Sunday, 7 February 2016

Out of the Dark Season and Onwards!

New Boots (#5), Subtly Different from the Old Boots (#4)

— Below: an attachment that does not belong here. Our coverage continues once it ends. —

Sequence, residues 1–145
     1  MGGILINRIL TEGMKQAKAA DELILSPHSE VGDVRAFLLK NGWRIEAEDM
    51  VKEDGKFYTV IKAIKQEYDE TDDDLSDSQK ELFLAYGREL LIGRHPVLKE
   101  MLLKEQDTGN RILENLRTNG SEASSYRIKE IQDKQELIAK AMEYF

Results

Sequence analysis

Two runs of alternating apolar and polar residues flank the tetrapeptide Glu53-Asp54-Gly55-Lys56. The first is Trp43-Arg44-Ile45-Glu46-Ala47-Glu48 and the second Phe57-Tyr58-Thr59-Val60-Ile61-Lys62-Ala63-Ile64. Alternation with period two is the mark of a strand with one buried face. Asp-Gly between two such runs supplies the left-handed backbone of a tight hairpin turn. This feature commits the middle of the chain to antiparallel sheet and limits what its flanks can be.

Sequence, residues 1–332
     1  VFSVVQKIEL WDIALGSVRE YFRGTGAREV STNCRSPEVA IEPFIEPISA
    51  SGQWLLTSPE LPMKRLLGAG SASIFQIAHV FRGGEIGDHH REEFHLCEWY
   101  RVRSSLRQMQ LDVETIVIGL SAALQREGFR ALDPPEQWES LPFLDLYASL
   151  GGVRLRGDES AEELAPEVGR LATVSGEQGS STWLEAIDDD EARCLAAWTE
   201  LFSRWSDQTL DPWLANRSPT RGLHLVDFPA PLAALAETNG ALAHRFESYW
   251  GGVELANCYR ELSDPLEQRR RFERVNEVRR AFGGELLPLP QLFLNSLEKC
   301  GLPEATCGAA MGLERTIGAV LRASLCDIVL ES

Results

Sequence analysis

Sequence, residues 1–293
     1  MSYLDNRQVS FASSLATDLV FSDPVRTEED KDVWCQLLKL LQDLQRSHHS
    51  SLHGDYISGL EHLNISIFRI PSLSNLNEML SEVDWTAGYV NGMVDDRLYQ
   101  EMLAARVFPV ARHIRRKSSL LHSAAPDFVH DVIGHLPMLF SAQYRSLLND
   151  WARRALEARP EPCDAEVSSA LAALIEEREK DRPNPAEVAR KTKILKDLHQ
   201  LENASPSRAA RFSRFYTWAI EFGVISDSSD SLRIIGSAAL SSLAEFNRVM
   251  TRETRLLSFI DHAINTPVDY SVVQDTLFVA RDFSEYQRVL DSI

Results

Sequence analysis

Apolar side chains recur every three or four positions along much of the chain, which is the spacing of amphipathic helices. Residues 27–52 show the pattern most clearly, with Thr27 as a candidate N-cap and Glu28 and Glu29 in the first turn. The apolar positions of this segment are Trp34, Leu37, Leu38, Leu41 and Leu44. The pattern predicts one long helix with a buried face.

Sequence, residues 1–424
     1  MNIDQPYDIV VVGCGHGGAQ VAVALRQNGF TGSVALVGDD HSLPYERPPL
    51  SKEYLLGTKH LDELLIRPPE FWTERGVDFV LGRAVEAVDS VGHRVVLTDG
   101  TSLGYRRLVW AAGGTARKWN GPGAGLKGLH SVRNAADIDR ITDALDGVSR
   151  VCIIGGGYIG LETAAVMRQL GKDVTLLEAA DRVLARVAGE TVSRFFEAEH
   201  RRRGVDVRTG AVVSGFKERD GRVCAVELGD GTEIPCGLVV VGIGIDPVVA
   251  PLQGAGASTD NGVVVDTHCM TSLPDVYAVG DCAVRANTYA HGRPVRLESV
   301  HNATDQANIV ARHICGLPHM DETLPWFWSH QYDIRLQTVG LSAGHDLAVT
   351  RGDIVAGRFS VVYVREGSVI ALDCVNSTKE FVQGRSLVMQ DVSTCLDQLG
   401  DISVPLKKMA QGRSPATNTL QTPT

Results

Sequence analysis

Superbowl weekend arrives, and that can only mean passage out of another Dark Season, the most useless and testing three moths of the year, and as I've not had my walking boots on since Hallowe'en, it's time to start planning for 2016's Walking Season once again. Last Year had a lot of miles, indeed a handsome personal best, but I don't think a pace of 600+ miles is something I need to try matching. After all, I'd like to be a bit more personally sociable along the way of this year, taking time out for drinks and such, and I'm going to have to be breaking in Pair of Boots #5 as I go, Pair #4 having been retired with over 1,000 miles under their soles, and ultimately unusable due to being worn through on the heels and loaded with leaky seals. So bring on the latest pair from Mountain Warehouse, acquired after an odyssey that took in the stores at Batley and Guiseley, and even though they appear to be exactly the same as my last couple, they go by the name of Python, rather than Viper, and they seem ever so slightly narrower, so might be snug and need some breaking in, when previous pairs had been 'plug and play'.